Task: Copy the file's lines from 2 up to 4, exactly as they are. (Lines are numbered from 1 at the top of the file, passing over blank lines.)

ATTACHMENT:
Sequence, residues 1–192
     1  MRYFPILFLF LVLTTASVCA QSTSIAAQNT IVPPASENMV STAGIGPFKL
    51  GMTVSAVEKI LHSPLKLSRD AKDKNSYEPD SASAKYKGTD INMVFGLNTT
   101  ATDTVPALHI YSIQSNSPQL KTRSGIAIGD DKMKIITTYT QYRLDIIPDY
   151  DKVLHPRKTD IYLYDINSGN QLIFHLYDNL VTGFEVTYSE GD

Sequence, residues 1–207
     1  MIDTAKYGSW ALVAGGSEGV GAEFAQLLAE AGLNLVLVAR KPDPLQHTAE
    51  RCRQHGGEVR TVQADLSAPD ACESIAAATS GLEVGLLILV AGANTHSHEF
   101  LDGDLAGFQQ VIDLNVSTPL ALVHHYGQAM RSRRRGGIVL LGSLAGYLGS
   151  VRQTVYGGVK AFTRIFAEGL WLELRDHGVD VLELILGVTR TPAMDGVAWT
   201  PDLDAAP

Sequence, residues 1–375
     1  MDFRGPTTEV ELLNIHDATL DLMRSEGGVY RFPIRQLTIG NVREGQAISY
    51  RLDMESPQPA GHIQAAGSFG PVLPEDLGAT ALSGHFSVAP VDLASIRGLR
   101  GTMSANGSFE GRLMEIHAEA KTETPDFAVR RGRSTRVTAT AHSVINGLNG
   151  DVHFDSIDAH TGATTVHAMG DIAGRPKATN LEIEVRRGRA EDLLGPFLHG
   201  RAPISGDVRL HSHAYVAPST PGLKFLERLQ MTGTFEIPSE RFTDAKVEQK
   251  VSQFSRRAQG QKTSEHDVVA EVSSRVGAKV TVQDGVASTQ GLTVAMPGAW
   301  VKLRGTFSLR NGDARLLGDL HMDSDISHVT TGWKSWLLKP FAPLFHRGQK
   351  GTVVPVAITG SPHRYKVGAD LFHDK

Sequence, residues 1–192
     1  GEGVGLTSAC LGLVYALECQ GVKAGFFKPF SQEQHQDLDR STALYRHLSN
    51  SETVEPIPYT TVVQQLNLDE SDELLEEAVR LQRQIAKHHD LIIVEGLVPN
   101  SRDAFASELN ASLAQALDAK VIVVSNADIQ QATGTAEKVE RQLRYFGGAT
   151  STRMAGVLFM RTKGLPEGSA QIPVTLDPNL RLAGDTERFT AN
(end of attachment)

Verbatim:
     1  MRYFPILFLF LVLTTASVCA QSTSIAAQNT IVPPASENMV STAGIGPFKL
    51  GMTVSAVEKI LHSPLKLSRD AKDKNSYEPD SASAKYKGTD INMVFGLNTT
   101  ATDTVPALHI YSIQSNSPQL KTRSGIAIGD DKMKIITTYT QYRLDIIPDY